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CRJU: Criminal Law Online

A course guide of open education resources for faculty teaching Criminal Law.

Overview and Objectives

Module Overview

In this module, we examine state and federal criminal law statutes that punish various white collar crimes, which typically do not involve violence or force.

Learning Objectives

In this module, we will cover white collar crimes such as:

  1. Environment Crimes (Clean Water/Air Statutes)
  2. Fraud (Mail, Wire Securities, Computer/Internet, Healthcare/Insurance)
  3. Money Laundering
  4. Identity Theft
  5. Tax Evasion

Readings and Lectures

White Collar Crime (click on each offense in the list)

White Collar Crime - FBI

Antitrust Laws

Lecture: White Collar Crimes and Criminal Liability (11:14)

Lecture: White Collar Crime (This link provides a good overview of white collar crime. Please watch all 5 modules (1 - Fraud, 2 - Money Laundering, 3 - False Statements, Perjury, 4 - Obstruction of Justice, Witness Tampering, Bribery, 5 - RICO Statutes)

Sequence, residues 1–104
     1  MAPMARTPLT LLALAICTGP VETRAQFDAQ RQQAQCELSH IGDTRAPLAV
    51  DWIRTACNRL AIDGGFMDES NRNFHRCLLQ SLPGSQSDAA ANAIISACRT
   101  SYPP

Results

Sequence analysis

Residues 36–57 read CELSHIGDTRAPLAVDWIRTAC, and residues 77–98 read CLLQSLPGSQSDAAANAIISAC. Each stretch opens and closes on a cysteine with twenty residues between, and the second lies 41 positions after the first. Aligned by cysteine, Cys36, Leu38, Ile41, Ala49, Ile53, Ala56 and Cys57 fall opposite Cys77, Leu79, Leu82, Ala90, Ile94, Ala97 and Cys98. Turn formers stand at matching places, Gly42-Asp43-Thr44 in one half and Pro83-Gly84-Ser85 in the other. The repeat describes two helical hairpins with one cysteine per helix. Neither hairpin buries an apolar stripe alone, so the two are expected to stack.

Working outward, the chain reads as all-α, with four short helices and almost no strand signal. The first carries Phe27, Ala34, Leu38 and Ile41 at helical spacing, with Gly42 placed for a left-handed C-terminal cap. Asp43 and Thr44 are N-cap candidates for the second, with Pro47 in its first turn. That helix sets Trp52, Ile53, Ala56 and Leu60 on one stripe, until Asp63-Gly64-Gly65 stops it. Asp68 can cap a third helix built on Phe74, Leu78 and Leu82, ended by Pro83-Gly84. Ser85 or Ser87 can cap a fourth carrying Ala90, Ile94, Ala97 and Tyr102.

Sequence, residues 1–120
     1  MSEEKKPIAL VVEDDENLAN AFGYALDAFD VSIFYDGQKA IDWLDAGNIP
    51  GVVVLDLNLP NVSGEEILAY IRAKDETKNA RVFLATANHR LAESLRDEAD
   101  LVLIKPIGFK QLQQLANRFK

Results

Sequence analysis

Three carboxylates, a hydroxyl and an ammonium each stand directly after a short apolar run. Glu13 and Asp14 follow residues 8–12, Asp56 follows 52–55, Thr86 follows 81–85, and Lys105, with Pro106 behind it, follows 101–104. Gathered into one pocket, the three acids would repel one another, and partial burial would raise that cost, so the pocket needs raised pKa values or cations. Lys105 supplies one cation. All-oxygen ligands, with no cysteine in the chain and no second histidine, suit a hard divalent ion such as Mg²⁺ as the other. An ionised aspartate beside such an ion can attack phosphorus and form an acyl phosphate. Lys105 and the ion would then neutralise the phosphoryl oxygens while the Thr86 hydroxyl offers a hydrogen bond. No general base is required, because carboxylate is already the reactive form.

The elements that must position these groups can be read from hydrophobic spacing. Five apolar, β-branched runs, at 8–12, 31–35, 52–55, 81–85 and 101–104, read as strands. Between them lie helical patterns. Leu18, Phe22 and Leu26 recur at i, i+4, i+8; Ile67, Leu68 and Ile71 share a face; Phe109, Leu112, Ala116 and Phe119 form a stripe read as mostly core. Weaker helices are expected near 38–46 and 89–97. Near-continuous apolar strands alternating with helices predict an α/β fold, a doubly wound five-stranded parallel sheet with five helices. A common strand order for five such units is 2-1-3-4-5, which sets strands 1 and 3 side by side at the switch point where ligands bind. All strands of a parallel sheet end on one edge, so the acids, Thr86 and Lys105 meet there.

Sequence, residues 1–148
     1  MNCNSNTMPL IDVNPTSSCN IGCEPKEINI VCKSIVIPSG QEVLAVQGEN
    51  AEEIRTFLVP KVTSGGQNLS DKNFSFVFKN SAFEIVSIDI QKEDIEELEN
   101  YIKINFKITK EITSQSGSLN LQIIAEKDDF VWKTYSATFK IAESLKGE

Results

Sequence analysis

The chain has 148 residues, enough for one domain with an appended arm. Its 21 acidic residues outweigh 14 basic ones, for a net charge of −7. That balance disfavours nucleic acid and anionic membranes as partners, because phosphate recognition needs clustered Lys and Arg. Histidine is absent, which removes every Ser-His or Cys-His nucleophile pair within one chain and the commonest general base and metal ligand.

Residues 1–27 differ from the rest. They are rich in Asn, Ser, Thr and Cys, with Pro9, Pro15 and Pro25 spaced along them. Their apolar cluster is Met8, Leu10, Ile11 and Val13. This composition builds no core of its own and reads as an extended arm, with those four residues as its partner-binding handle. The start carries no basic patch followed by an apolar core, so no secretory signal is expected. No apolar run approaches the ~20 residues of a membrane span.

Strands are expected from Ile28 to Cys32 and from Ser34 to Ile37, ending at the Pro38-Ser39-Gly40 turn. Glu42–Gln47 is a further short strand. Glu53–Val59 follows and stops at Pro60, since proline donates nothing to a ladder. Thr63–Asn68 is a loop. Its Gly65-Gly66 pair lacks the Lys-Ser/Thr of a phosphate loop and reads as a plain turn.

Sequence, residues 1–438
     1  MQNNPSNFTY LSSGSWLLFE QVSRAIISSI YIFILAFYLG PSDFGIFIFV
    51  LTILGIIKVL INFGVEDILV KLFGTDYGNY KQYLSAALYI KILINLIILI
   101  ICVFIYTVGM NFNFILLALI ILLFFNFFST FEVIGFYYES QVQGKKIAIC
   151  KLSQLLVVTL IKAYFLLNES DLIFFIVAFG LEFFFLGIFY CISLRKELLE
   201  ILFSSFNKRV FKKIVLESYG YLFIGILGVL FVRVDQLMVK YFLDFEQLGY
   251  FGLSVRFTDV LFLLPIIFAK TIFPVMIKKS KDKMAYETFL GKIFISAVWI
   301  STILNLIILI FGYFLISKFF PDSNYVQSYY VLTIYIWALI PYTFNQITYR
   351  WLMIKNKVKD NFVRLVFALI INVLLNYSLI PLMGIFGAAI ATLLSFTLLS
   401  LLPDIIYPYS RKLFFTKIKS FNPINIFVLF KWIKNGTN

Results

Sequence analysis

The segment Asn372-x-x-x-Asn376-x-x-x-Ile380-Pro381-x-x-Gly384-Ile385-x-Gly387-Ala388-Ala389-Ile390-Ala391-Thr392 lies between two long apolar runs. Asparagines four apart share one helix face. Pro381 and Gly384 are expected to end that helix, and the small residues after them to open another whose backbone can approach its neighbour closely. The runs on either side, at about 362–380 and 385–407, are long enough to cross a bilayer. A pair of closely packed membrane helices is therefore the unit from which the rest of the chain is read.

Case Examples

The Man Who Stole $65 Billion (Bernie Madoff). Bernie Madoff, once one of the greatest financial minds and chairman of the Nasdaq, to the biggest ponzi scheme the world had ever seen. It's a wild ride.

Films on Demand - Getting Off Easy: White Collar Crime (40:29) 
(Available free via library subscription. Login with campus ID and password.

RICO Statute Used in APS Cheating Scandal 
When the state brought racketeering charges against Atlanta Public Schools employees in the test-cheating scandal, criminal defense attorneys called it overkill. Teachers, principals … racketeers?


Watch This Russian Hacker Break Into Our Computer In Minutes | CNBC. Mikhail Sosonkin, who works for cybersecurity start-up Synack, showed CNBC firsthand how easy it is to break into a computer.

Real Future: What Happens When You Dare Expert Hackers To Hack You. Last year, after reporting on the hacks of Sony Pictures, JPMorgan Chase, Ashley Madison, and other major companies, REAL FUTURE's Kevin Roose got curious about what it felt like to be on the victim’s side of a giant data breach. So he decided to stage an experiment: he invited two expert hackers (neither of whom he’d ever met) to spend two weeks hacking him as deeply and thoroughly as they could, using all of the tools at their disposal.